News | Economy | Culture | Opinion | Lifestyle | Nature
Noticias | Opiniones | Archive | Unclassified Ads | Home

Volume 15, Number 17
November 17, 2009

nature

Also in this section:
November rain --- is it a boy or a girl?
All this stuff about 2012
Despite gains, women and girls still face worldwide health care discrimination
Sediments in the Gulf of Mexico, seen from on high




Gulf of Mexico sediments

Clouds of sediment colored the Gulf of Mexico on November 10, 2009, when the Moderate Resolution Imaging Spectroradiometer (MODIS) on NASA’s Aqua satellite captured this photo-like image. Much of the color likely comes from resuspended sediment dredged up from the sea floor in shallow waters. The sediment-colored water transitions to clearer dark blue near the edge of the continental shelf, where the water becomes deeper.

The ocean turbulence that brought the sediment to the surface is readily evident in the textured waves and eddies within the tan and green waters. Tropical Storm Ida had come ashore over Alabama and Florida, immediately east of the area shown here, a few hours before the image was acquired. The storm’s wind and waves may have churned up waters farther west.

A second source of sediment is visible along the shore. Many rivers, including the Mississippi River, drain into the Gulf of Mexico in this region. The river plumes are dark brown that fade to tan and green as the sediment dissipates. According to the National Climate Data Center, October 2009 was the wettest October in the 115-year weather record for the south-central United States, which includes the area shown in this image. Rivers throughout the region ran high, likely carrying more sediment than usual into the Gulf.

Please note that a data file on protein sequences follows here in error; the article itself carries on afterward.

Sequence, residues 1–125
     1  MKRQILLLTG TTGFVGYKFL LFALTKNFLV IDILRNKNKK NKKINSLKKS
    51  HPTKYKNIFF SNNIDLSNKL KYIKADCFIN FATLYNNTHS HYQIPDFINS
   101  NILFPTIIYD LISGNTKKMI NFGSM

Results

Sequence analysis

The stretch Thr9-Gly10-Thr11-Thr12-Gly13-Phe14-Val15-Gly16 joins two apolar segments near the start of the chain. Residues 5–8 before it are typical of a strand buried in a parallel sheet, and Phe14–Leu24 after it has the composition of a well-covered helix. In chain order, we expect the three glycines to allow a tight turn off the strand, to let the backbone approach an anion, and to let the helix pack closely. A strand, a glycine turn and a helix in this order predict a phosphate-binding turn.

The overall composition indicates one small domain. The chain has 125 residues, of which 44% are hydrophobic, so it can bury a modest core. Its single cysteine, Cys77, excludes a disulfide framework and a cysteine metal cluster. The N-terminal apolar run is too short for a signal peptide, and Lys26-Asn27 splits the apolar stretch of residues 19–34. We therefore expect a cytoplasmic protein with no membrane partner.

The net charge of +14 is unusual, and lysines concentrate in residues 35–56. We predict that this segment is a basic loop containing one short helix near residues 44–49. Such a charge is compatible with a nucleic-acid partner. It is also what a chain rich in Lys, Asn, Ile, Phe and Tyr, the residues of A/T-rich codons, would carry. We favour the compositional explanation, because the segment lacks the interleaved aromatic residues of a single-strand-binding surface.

The rivers also carry nutrients like iron from soil and nitrogen from fertilizers. These nutrients fuel the growth of phytoplankton, tiny, plant-like organisms that grow in the ocean surface waters. Phytoplankton blooms color the ocean blue and green and may be contributing to the color seen here.

The large image provided above is the highest-resolution version of the image available. The image is available in additional resolutions from the MODIS Rapid Response System.


NASA images courtesy Jeff Schmaltz, MODIS Rapid Response Team at NASA GSFC. Caption by Holli Riebeek, NASA’s Earth Observatory



Also in this section:
November rain --- is it a boy or a girl?
All this stuff about 2012
Despite gains, women and girls still face worldwide health care discrimination
Sediments in the Gulf of Mexico, seen from on high


News | Economy | Culture | Opinion | Lifestyle | Nature
Noticias | Opiniones | Archive | Unclassified Ads | Home

Tankless Water Heaters --- http://www.eztankless.com/
Panama Hotel: Luxury apartment rentals in Casco Viejo, Panama City
Panama Real Estate: Original travel and investment articles on The Panama Report
Make the Executive Hotel your headquarters in Panama City
Find the boat of your dreams through Evermarine


© 2009 by Eric Jackson
All Rights Reserved - Todos Derechos Reservados
Individual contributors retain the rights to their articles or photos

email: editor@thepanamanews.com or

e_l_jackson_malo@yahoo.com

Cell phone: (507) 6-632-6343

Mailing address:
Eric Jackson
att'n The Panama News
Apartado 0831-00927 Estafeta Paitilla
Panamá, República de Panamá